Nanny Mihi

Where is Penny? Penny needs to rescue Mrs Farquhar

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What started as an offer of help has ended up being a wonderful learning experience.

Mrs Farquhar, Mrs Spargue and Mrs O’Sullivan hosted an online learning Zoom meeting for our school. Each teacher presented a learning activity, and Mrs Farquhar finished the time together with a new story, ‘Nanny Mihi and the Rainbow’. 

To get the book, Mrs Farquhar had to call over the school speaker, asking Penny to find her the book. We also had to find Penny, who was working with students. Penny came to the rescue. She found the book we needed in Room 16 and hand-delivered it just in time for the online session.

Mrs Farquhar had been given the idea of the book from her friend Mrs McKenzie, who is a teacher in Hamilton. She had read this story to her class a number of times.

After reading the story online with the pictures back to front, Mrs Farquhar gave out the challenge to make the rainbow at home using household items. Mrs McKenzie had indicated that creating the rainbow to start with gave her students a chance to talk about the colours, and how they worked together. Her aim was to use this starting point for learning to add to an art activity once her students returned to school. This is what teachers call preloading. The ideas and visual language are already in place for the extension of learning to occur.

Sneakily, Mrs Farquhar gave the challenge to the other teachers present in the online session as well as the students.

Who thinks Mrs Farquhar is being a bit sneaky?

Once the challenge was out, Mrs Farquhar wandered over to Room 16 and thanked them for the book and delivered the challenge, again. Could Room 16 please make the rainbow for Mrs Farquhar to share back to our online participants?

Challenge accepted. With a smile.

They worked together to make the rainbow on the floor of the classroom. They challenged their thinking by wondering where they could put items that are pink.

It was amazing to see the wide range of colours that Room 16 had in their classroom. There were some rules on creating the rainbow.. No pulling pictures off the walls. If someone has an object in their hand, it belongs to them. When placing an object in our rainbow, we wait our turn.

They took photos to send to Mrs Farquhar and share their learning.

Room 15, who were next door, had to stop and have a look at the exciting learning going on in Room 16. I wonder if they will take up the challenge next?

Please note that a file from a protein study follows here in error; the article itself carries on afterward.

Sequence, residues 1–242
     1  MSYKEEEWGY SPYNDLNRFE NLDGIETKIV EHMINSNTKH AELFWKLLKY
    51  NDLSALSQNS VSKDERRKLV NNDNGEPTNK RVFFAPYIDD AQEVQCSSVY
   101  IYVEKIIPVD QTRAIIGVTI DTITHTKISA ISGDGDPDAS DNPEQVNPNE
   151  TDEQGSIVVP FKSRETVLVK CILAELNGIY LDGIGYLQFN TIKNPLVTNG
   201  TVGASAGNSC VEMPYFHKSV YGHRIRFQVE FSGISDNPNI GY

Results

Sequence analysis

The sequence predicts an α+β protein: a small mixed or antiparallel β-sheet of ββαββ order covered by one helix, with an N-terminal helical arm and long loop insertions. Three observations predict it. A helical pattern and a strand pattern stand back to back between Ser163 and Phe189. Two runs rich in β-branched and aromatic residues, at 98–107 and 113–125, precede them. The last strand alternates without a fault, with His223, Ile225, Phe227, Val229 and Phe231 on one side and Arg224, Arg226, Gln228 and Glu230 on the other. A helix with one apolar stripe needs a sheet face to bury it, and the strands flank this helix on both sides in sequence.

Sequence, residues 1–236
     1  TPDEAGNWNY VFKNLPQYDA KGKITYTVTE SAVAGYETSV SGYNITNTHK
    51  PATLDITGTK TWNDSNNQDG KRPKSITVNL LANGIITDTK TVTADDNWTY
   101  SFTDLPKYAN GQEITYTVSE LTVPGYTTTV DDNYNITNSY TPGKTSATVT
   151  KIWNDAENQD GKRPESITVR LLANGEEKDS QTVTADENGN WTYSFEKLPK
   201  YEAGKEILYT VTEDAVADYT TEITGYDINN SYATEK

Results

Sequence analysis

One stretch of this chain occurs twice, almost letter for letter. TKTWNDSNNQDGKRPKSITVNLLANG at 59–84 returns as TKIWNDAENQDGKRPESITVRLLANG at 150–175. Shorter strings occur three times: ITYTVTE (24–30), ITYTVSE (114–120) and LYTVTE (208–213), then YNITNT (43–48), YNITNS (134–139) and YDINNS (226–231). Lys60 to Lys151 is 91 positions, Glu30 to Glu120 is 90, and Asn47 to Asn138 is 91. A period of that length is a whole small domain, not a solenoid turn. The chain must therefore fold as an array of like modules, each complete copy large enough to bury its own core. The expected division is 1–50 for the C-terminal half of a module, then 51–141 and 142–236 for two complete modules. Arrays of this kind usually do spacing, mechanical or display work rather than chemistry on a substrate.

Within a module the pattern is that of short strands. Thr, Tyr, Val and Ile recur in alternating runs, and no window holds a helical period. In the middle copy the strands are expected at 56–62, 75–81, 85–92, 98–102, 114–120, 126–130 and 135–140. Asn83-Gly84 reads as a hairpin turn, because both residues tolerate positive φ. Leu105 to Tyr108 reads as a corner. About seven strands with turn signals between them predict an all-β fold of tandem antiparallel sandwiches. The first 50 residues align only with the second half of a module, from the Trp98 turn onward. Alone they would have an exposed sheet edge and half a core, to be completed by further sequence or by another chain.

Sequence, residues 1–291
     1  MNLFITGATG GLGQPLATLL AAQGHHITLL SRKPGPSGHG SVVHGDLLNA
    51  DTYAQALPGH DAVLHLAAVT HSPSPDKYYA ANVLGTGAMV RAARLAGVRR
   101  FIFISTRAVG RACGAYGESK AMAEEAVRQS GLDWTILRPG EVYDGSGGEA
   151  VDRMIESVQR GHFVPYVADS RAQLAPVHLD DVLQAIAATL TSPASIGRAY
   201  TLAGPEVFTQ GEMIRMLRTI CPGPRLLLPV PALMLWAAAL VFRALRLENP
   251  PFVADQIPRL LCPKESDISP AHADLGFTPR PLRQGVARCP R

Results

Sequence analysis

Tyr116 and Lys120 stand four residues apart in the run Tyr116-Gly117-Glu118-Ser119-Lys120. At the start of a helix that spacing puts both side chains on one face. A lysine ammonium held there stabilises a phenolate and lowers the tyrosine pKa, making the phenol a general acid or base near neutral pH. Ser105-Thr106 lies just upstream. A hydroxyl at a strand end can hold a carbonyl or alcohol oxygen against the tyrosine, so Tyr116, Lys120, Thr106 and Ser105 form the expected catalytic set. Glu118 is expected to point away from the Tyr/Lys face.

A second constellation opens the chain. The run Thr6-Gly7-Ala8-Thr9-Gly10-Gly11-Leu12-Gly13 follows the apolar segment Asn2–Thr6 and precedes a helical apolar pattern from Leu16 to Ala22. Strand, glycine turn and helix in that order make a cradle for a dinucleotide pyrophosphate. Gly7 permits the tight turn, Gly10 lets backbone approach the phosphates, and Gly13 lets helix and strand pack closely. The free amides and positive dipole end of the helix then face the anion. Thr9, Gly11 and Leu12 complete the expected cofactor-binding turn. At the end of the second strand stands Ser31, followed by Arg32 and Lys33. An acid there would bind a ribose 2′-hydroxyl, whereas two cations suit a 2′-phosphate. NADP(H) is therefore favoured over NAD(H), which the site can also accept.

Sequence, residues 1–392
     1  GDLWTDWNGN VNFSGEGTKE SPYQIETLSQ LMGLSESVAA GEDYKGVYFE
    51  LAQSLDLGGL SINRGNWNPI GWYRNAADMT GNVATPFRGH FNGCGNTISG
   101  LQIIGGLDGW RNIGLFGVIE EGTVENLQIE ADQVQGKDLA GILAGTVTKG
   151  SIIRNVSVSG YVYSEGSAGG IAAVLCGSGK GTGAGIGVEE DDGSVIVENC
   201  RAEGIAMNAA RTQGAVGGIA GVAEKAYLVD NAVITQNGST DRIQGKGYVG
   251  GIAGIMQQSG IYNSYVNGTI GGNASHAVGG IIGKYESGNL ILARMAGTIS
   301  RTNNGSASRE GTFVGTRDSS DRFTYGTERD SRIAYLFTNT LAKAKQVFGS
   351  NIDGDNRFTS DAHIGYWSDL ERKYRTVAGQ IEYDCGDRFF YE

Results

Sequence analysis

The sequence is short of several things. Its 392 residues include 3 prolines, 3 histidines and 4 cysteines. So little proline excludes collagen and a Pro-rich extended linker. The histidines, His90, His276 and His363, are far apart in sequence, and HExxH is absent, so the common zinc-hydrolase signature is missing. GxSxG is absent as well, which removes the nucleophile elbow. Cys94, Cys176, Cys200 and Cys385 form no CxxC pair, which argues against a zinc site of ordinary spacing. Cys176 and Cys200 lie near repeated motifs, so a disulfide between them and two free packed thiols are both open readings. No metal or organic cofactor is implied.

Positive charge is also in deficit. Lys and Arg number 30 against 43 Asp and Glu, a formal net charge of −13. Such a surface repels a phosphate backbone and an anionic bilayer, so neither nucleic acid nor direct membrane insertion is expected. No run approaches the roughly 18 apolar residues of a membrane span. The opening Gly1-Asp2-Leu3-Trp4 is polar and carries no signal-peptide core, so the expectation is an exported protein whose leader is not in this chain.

They took up the gauntlet. Mrs Green reported back that Room 15 loved the book Nanny Mihi's Rainbow. Together they discussed how they could make a line of objects that transition from light to dark and found them around the classroom. This aspect added  a bit of a conundrum when trying to organise rainbow making at the same time. Although, the class had plenty of blocks  and objects to make a rainbow.

We didn't have a lot of resources that have shades of colours, to do them move from light to dark.

Room 3 stepped up. Much like they did with the Red Dot Tree poem and art work.
Room 3 stepped up. Much like they did with the Red Dot Tree poem and art work.

Remember, Mrs Sprague had heard the original reading of the story. A smallish group used the range of resources in the class to make a rainbow, and also extended the activity to make a line of light to colour objects. Serration of colour was difficult, so they solved the problem by clumping the same colour together. 

Their line ended up with large groups of objects of the same colour instead of a natural line.

Creating a line of colour that moved from light to dark definitely added to the lesson. Mainly because our objects in schools are all one base colour. Mixing colour has become Mrs Farquhar's next step. Who to choose to work with? Room 3 or Room 16? That is the question.


Collaboration, Rainbow

Credits to Nanny Mihi and the Rainbow By (author)  Melanie Drewery , Illustrated by Tracy Duncan

2024 Farquhar

Paula Farquhar

The long snaking line of students at the skipping rope. Jump in, jump out and off they go, happy and excited. Some still have to "Learn It". Others have reached the "Prove it" stage. Many will remain, comforted to be in a safe inclusive group.

Since 2010, I have been the passionate Principal of this vibrant, successful, and innovative school. It's without hesitation, I say I'm focused on "accelerating growth for student learning outcomes".

My style is fostering a culture of professionalism formed on a solid foundation of critical reflection. My own professionalism is expanded through a network of advanced educational practitioners. Practitioners who extend my theoretical, philosophical and pedagogical base. Fundamental in my belief, is strategic dialogue will map learning and teaching so innovation and creativity can flow into an innovative curriculum.

From considerable leadership experience, I know the school's vision has to be "crafted collaboratively". The adaptive vision must be student driven with ambitious academic goals. Raising success hinges on repeatedly asking: "does this decision help realise the vision?"

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